But the task of science fiction is not to predict the future. Rather, it contemplates possible futures. Writers may find the future appealing precisely because it can’t be known, a black box where “anything at all can be said to happen without fear of contradiction from a native,” says the renowned novelist and poet Ursula K. Le Guin. “The future is a safe, sterile laboratory for trying out ideas in,” she tells Smithsonian, “a means of thinking about reality, a method.”
LOTS of good stuff in this article!
I'm looking forward to plowing through the whole issue soon. (AND PATRICK STEWART IS ON THE COVER, SWOON.)
I'm really not into having the whole Which One Is Better debate, because I don't have a strong aversion to any genre: if it's a good book, it's a good book, yay books. YAY BOOKS.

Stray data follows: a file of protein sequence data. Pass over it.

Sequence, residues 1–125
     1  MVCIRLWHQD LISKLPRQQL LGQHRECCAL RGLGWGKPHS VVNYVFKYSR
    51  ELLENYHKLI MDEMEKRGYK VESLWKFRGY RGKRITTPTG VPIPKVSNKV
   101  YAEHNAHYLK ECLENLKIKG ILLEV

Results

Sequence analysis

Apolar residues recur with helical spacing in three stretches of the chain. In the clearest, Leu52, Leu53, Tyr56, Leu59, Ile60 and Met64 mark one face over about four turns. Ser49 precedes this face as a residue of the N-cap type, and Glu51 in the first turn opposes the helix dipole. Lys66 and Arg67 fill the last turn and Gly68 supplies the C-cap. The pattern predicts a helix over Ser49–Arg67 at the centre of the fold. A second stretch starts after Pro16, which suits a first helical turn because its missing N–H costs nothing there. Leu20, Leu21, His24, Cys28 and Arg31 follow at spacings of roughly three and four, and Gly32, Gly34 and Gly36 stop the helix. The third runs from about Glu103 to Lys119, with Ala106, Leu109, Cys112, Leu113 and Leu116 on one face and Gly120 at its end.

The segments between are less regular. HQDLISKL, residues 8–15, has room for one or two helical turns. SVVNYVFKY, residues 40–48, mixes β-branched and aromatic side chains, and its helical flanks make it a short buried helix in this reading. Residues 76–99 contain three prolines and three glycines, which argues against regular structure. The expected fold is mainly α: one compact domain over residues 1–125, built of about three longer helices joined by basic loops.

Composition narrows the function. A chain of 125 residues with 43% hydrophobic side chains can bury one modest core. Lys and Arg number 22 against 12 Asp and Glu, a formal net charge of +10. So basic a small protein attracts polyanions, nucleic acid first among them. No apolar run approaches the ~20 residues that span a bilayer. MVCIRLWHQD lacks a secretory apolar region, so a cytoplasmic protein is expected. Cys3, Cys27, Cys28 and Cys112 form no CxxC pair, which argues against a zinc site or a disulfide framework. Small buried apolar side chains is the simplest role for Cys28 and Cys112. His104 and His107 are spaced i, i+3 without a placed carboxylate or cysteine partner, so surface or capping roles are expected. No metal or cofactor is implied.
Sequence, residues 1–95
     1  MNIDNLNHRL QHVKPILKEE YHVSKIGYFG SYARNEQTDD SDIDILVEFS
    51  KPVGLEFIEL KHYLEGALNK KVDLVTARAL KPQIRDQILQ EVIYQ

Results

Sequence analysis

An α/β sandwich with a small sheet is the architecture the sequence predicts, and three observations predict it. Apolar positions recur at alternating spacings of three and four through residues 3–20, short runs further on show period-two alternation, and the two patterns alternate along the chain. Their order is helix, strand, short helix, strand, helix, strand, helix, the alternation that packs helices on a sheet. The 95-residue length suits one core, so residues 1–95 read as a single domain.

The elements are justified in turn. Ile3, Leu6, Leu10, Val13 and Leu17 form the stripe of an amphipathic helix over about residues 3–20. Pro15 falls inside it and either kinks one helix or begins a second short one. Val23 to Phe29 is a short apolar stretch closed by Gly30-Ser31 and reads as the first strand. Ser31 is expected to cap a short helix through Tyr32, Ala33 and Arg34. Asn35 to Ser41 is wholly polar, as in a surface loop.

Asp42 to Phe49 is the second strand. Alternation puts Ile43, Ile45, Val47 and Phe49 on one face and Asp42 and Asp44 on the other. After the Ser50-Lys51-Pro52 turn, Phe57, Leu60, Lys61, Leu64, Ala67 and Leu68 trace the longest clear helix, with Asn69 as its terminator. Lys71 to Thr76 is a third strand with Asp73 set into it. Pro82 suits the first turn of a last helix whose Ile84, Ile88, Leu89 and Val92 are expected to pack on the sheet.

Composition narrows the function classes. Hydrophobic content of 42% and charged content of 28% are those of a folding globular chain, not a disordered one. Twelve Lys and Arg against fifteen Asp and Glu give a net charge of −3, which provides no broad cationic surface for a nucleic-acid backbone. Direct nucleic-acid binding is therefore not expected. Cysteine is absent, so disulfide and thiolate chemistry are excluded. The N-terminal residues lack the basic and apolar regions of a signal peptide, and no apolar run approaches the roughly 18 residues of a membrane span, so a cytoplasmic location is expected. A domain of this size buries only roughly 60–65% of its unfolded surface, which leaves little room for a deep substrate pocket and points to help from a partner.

Anyway! Despite the title, ultimately, the essay is more about the differences between the two genres, and more especially about the strengths of SF/F:
You absolutely cannot obscure underlying weakness with waffle. Otherwise the emails will arrive, picking up on discrepancies. Not just for the sake of point-scoring or nitpicking but because fans become so engaged with imaginary worlds and so passionate about their characters.
That passion, so easily mocked by laughing at Trekkies and Whovians, is another thing that distinguishes SF and fantasy from literary fiction. Mocking that passion is missing a key aspect of speculative fiction. By drawing readers in large numbers, contemporary fantasy becomes a platform to debate key, current social and political challenges, while science fiction continues to explore the impact of technological developments, for good and ill, before we have to tackle these things in reality.